Over the last several years, banks of all sizes have successfully partnered with emerging fintech companies to offer innovative loan products to a broader range of customers. Under a typical form of this partnership, a fintech, which is subject to the policies of the partner bank, will market loan products, take and process loan applications, and will service those loans once they are funded. The bank will determine customer eligibility standards, underwrite and fund the loan, and will often sell a controlling interest back to the fintech or a third-party investor.
Partnership with a fintech gives banks a cost-effective way to leverage technology to reach new markets and satisfy the technological expectations of current customers. In turn, fintech companies benefit from a bank’s existing customer base as well as the bank’s experience handling the ever-increasing complexity of the regulatory environment. Customers also benefit from these partnerships by enjoying increased access to credit and convenient, internet-based channels through which to obtain credit.
Despite its benefits, this model has faced legal challenges. These partnerships often involve a partial sale of the loan to either the fintech or a third-party investor, and down-stream purchasers expect to be able to receive interest at the rate agreed by the parties in the loan contract—even if the purchaser lives in a state where that interest rate might be considered usurious. Interest rate exportation rules, sometimes referred to as the “valid-when-made” doctrine, allow a loan’s original interest rate to remain valid and not rendered usurious by a subsequent transfer. Some private litigants and state regulators have filed suit against fintech partners related to the banks’ ability to export their home-state interest rate, including a recent notable “safe harbor” settlement in Colorado.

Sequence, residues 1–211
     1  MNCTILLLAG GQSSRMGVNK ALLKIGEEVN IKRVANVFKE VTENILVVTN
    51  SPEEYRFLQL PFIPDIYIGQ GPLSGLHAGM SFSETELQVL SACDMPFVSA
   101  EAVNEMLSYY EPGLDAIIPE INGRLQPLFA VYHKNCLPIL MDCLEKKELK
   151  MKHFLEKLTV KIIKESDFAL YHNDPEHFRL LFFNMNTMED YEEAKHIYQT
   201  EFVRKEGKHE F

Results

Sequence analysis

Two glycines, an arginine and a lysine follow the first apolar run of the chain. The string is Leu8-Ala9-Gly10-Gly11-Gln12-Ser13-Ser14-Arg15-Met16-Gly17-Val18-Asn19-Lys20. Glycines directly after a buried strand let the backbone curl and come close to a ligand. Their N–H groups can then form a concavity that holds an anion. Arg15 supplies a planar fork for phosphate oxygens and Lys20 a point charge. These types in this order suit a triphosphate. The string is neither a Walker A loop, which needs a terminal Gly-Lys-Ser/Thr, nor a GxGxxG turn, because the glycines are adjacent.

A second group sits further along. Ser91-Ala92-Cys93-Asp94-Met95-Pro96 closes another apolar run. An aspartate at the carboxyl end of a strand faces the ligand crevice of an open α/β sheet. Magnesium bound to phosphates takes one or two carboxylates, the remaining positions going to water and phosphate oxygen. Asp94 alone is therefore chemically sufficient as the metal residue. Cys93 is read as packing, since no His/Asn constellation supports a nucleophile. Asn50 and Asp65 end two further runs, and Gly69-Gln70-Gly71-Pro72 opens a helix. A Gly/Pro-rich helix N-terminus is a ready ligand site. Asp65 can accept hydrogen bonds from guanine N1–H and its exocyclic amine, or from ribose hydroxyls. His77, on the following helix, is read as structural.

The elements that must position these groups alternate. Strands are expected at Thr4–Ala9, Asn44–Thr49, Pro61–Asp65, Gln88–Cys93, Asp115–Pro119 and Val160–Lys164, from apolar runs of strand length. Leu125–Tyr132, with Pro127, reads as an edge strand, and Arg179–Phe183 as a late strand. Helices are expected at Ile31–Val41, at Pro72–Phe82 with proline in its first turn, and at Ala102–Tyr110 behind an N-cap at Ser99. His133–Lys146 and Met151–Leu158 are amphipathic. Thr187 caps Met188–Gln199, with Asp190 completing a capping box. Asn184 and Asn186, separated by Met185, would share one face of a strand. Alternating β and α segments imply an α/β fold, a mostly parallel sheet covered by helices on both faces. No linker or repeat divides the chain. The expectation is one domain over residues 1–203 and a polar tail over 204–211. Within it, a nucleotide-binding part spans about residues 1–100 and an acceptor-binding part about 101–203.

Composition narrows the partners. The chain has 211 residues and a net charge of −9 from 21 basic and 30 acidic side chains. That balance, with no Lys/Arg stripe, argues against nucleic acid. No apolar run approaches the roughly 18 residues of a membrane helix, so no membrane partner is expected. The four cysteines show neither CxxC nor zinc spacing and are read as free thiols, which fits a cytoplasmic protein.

Recently, the FDIC and OCC have issued final rules designed to provide clarity regarding interest rate exportation, as well as rules designed to identify whether the bank is the “true lender” in a bank-partnership loan transaction. However, some Attorneys General have filed suit challenging the FDIC’s and OCC’s final rules. As a result, banks and their fintech partners should continue to carefully structure their partnership in a manner that tends to lower the risk of a legal challenge by regulators and private litigants. Although not an exhaustive list, banks and their partners should keep the following issues in mind when structuring their partnership:
The Bank is “In Charge”
Your partnership with a fintech company allows your bank to benefit from that company's technological expertise and access to potential new customers. However, when push comes to shove, the bank is the ultimate lender of record. Under this model, the bank should apply its underwriting standards to all loan applications received through the partnership and make the final decision regarding whether to fund the loan.
Apply your Compliance Program
The bank will almost always have more compliance expertise than its partner and will be expected by regulators to monitor its service providers. Indeed, fintech companies often depend on their bank partners to ensure compliance with the myriad state and federal laws and administrative guidance governing consumer loans. When developing a partnership, the bank should implement its compliance program to all aspects of the loan products offered through the partnership.
The Bank Must Have Skin in the Game
A critical piece of good bank balance sheet management involves selling loans. This is no different when working with fintech companies, and banks engaged in this model will often sell these loans to their fintech partners, or to third-party investors. However, in order to mitigate some of the legal risk, the bank should maintain an economic interest in the loan. Similarly, the bank should consider assuming the first payment default risk.
Find the Right Partner
There are plenty of fintech companies and loan funders looking for banks with whom to partner. Although this model provides excellent benefits for everyone involved, banks should take care to find the right partner. Look for companies that share your bank’s values and goals, and who are willing to work with your bank to make sure that your business strategies are aligned.
Bank partnerships offer a prime opportunity to expand your bank’s market by efficiently leveraging another company’s technological expertise. And while there are certain legal challenges facing the model, there are methods to reduce risk and make the model mutually beneficial for both the bank and the fintech partner. If your bank is considering offering loan products with a partner, it would be well worth your time and energy to carefully structure your partnership.
Republished with permission. This article, "Partnering-up: Structuring a Successful Bank Partnership Lending Model with FinTechs," was published in the Tennessee Banker's Association Magazine's January/February 2021 edition.